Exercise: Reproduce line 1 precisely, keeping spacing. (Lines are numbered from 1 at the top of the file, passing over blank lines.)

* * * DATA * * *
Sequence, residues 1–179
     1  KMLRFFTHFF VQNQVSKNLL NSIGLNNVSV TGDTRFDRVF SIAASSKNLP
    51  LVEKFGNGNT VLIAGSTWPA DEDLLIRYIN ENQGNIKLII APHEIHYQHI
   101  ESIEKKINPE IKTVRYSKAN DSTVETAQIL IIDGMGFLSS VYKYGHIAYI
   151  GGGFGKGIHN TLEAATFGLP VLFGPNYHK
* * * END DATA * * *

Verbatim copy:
Sequence, residues 1–179